Here They Are Again, the World's Best-dressed Women—but Who Says So? and Why?
02/28/1977 at 01:00 AM EST
The 12 Best-Dressed Women in the world were announced last week for the 37th consecutive year. The list always stirs debate on the choices. Ever wonder how those choices actually are made? How those dozen are anointed as best-dressed among the almost two billion women in the world? PEOPLE assistant editor Lee Wohlfert was on the committee that picked them this year, and her report follows:
We judges turned out to be a select group of seven women and one man assembled in fashion publicist Eleanor Lambert's Manhattan office for an hour and a half at lunchtime. As we nibbled sandwiches and chocolates, we whittled down the list Lambert had culled from suggestions sent in by fashion editors and "observers" all over the world.
It was clear that society and fashion columnist Eugenia Sheppard wielded the strongest influence, along with Baron Nicolas De Gunzburg, a former Vogue fashion editor. Nicky was the lone male. Eugenia is notoriously nearsighted (she often relies on photographers to tell her what people are wearing when she covers parties), but no matter. Lambert kept score for us, although not so efficiently that anyone knew whom we had actually voted for by the time we left.
Lena Home bit the dust early because she was old news, followed by Liza Minnelli ("She looks terrible"). Princess Caroline of Monaco, 1974's enfant star, was passed over again for appearing tacky. Ditto Marisa Berenson, whose inclusion last year was deemed a mistake. Designer Diane von Furstenberg got only low moans, as did Holly Harp—"part of the matte jersey Beverly Hills thing." (Designers aren't eligible anyway. There's a separate category for "professionals.")
Our job was not just to pick the terrific 12 but also to elevate a chosen few to the Fashion Hall of Fame. There are no clearcut rules, and Eugenia is often the arbiter. She works by divination: "Seems like they've been on the list so long they should be Hall of Fame." Bianca Jagger made it, along with two international socialites.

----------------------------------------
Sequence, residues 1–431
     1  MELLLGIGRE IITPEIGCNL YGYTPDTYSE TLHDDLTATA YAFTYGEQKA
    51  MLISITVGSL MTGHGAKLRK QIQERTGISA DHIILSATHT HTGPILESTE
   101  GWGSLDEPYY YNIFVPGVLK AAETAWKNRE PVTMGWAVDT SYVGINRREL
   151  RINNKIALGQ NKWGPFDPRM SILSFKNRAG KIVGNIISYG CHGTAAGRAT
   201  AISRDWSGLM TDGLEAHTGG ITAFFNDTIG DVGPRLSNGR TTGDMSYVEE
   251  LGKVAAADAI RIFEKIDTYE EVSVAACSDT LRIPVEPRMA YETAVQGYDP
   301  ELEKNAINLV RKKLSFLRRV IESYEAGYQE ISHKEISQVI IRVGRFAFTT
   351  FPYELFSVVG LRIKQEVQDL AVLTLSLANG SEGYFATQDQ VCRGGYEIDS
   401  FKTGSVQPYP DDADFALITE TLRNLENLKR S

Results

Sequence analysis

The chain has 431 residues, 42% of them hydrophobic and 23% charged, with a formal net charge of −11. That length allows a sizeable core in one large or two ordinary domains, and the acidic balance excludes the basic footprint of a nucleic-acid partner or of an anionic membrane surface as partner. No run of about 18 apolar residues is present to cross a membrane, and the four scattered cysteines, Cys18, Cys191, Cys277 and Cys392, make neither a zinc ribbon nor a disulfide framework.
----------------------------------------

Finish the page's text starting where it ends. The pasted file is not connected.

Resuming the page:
In past years there were complaints about the number of European titles. Thus several baronesses, countesses and marquesas toppled. The search was on for locals. Joanna Carson was mentioned, but no good; she and Johnny were said (erroneously) to be splitting. Ditto Charlotte Ford, not because of her marital problems but because she looks "not so good" in the line of clothes she is designing. Several regulars in the pages of Women's Wear Daily ate hot lead; among them Babe Paley's stepdaughter Hilary Byers for being "too limited," whatever that meant.
Hollywood was a never-ran. Faye Dunaway isn't seen enough in public these days, and a Cher suggestion was not even acknowledged. Everyone tried to get it up for Barbara Walters. No one could. ("She's depressed and it shows," Lambert explained later.) Mary Tyler Moore was suggested and everyone loved it, especially Eugenia, who had but one reservation. She'd never seen MTM and didn't know how she dressed. "Very American," she was assured. "Middle of the road, but very American." Eugenia assented. MTM was the coup of the day.
There was never a doubt about sculptor Louise Nevelson, 76. Stanley Marcus of Neiman-Marcus had suggested his 94-year-old mother, Minnie, as a well-dressed senior citizen. But we could have only one, and Nevelson was it. "She has a marvelous sense of style," observed the Mademoiselle rep.
Since 1976 was an election year, it seemed right to include a political name, but who? Mrs. Gerald Ford was disposed of instantly. She isn't First Lady and no one was obliged to pretend about her taste anymore. Barbara Howar was, it seems, just too boring to discuss. Ultimately it fell to Pamela Harriman. Nobody was quite sure what she was wearing recently, but it was felt she'd improved since her days of dressing, as Eugenia put it, "like a candy box."
Several women were discussed because they "spent a lot on clothes." No one was more serious about it than the Town & Country editor. She insisted Farah Diba, the Shah's wife, not be disqualified for wearing so many jewels—after all, the crown jewels are the basis for Iranian currency.
With the list now whittled to 25, we segued into the voting. Robert's Rules of Order it wasn't. If the group seemed generally enthusiastic about a name, and no one balked, she made the list. Those of us who had no idea who Jacqueline Machado-Macedo was, or what she wore, held our tongues. Countess Cicogna was suggested by Nicky and seconded by Eugenia, but she was disqualified next day for being a "professional fashion person." Her replacement, Lambert informed us by phone, was Lady Antonia Fraser, a name we had not discussed. "I've never seen her," said Lambert, but Antonia was supposed to be a kooky dresser.
One way to guarantee not making The List, it appears, is to want to be on it. "Too bad," explained Eugenia when the name of a stockbroker's wife came up. "Some people who should be on it can't because they try too hard." One lady sent her 90 postcards last year, each telling her what she wore that day.
What summed up the method of selection was Olimpia de Rothschild, a shoo-in for "really making the effort these days." No one knew if the Paris banker's wife spelled her name with a "y" or an "i," but rather than send someone to look it up we simply debated the issue for several minutes. It was finally decided "y" was correct. When the list went to press, that's how it appeared. We were wrong.